Boston Yarn


Part of the Pilgrimage Summer 2013 series

Though I already had yarn from Massachusetts, I had yet to find yarn in Boston. Not because I hadn’t looked. In fact the yarn shop that got the best reviews was right down the street from where I’m staying. I was excited to find that fact, until I walked by and learned from a small sign on their front door that they were to be closed until mid-June for renovations.

This was not the only yarn shop in the city though, there were a few others that popped up, and I kept them in mind as the week went on. But it wasn’t until my last evening in Boston that I was out and about and had the chance to go find it.

My aunt and cousin and I met up for dinner and decided to go on a ramble before we ate. After checking out some of the sights on Beacon Hill, we headed towards the Commons and the Gardens and I asked how they’d feel about adventuring six or seven blocks past the Gardens in search for yarn. They were both agreeable with this plan and we found ourselves walking down Newbury Street. My aunt pointed out the block where the Swedenborg Book Store used to be back in the day, now blending into a row of high-end shops.

And in and amongst shoes stores and men’s suits, tucked down in a bright basement space, we found Newbury Yarns. I knew from the website that the owner had a great story and it seemed like a community-based spot. We were greeted at the door and welcomed in not only to the shop, but with the information that that evening they were having a “Yarn Tasting” and the artist responsible for the irresistible hand-dyed alpaca that was tantalizingly displayed near the front door was there.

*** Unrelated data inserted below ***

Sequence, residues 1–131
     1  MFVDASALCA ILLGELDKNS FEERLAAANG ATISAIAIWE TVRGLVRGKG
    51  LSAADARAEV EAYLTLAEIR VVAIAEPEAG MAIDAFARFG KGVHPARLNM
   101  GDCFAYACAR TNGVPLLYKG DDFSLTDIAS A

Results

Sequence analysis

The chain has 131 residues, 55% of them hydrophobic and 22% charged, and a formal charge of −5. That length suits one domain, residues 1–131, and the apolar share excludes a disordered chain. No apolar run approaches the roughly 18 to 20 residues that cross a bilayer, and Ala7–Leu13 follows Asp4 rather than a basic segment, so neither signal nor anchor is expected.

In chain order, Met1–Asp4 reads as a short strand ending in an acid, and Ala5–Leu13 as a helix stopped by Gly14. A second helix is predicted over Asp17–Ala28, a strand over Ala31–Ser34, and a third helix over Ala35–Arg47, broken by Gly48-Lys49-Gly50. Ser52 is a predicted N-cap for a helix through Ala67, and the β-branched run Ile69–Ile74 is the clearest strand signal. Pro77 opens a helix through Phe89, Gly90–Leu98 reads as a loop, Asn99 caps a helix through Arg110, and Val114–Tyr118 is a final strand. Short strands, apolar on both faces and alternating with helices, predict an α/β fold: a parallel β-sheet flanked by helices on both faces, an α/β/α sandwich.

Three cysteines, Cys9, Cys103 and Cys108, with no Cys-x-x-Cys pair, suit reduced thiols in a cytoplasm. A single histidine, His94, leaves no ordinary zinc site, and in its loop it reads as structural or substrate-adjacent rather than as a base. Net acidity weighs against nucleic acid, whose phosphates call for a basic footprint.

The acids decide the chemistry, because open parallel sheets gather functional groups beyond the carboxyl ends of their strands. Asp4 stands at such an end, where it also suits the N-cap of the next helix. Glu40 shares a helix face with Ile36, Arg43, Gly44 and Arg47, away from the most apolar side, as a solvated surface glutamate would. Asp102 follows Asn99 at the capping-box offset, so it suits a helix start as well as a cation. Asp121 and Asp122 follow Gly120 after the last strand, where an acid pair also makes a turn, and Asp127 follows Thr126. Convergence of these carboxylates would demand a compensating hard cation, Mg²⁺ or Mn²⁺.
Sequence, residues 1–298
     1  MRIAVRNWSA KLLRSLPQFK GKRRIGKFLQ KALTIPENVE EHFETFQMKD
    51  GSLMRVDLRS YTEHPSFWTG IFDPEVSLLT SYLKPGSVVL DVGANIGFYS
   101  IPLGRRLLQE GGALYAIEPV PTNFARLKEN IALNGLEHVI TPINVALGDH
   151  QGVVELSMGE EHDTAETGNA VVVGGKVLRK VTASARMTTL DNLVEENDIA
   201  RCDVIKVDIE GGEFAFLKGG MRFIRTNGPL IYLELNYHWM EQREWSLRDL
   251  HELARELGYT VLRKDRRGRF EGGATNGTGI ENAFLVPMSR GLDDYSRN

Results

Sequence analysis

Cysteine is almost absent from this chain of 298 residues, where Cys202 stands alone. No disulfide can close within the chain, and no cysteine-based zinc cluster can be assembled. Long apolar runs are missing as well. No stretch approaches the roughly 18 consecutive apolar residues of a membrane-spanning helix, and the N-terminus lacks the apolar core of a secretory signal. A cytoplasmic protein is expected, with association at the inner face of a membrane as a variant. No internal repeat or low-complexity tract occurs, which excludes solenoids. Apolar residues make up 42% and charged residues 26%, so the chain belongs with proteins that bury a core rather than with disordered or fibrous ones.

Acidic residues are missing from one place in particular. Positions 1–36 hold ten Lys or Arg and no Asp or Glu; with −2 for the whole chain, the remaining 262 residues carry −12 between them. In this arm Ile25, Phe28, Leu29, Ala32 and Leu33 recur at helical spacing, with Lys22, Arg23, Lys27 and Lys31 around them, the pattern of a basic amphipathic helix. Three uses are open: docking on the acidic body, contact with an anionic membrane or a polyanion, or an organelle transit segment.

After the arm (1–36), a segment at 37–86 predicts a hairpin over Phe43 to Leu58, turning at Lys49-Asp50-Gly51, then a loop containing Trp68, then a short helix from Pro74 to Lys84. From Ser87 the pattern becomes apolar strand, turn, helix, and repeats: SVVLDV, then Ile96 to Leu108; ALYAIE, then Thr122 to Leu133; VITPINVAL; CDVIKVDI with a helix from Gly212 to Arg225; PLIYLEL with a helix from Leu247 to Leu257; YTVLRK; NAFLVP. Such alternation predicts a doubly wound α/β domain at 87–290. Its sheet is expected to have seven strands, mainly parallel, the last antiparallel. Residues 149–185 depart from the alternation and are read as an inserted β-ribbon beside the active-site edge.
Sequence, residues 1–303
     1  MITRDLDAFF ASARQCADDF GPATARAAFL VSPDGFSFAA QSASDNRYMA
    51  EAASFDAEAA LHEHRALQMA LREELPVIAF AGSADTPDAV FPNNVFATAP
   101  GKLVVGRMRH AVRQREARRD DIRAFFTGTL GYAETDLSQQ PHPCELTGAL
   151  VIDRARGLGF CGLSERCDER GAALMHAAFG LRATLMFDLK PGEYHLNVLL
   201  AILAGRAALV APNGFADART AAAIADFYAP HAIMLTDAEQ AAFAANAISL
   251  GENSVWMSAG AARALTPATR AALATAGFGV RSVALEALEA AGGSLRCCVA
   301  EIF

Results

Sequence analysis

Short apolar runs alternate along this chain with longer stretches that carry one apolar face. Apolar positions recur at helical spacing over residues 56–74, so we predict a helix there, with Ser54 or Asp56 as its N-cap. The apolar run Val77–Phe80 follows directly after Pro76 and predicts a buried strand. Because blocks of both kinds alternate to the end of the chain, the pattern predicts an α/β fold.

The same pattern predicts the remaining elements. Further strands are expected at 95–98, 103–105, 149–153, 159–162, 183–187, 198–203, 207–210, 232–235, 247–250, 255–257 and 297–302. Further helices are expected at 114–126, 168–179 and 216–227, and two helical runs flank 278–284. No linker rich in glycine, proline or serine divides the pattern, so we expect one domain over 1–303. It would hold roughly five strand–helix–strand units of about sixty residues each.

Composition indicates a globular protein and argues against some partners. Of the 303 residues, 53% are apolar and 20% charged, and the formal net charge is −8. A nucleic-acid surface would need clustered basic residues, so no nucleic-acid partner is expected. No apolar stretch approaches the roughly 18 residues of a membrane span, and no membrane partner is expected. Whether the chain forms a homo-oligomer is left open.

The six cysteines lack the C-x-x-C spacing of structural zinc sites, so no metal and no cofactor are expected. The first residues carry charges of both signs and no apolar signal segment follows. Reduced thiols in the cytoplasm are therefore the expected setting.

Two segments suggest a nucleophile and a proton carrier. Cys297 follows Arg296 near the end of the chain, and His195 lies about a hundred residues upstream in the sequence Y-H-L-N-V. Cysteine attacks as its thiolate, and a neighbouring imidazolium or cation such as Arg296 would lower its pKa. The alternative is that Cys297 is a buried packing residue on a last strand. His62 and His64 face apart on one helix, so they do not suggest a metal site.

It only took me a few short strokes to fall in love with a baby alpaca, multi-colored blend that just asked to be touched and stroked on one’s cheek. I dutifully looked through the rest of the shop, a lovely collection of yarns to be sure, but nothing quite measured up to that alpaca. It was a little over my $10 limit, but surprisingly not much more, and the artist herself was there. It had to be the one.

I went back and met the artist, who didn’t seem that interested in my yarn collecting story, and hesitated when I asked if I could get her picture, saying it was a bad hair day. I will respect her hesitation and not post her picture here. I thanked her for her artistry and purchased the locally raised, hand dyed yarn with appreciation.

And happily walked out with a soft and beautiful addition to the tapestry.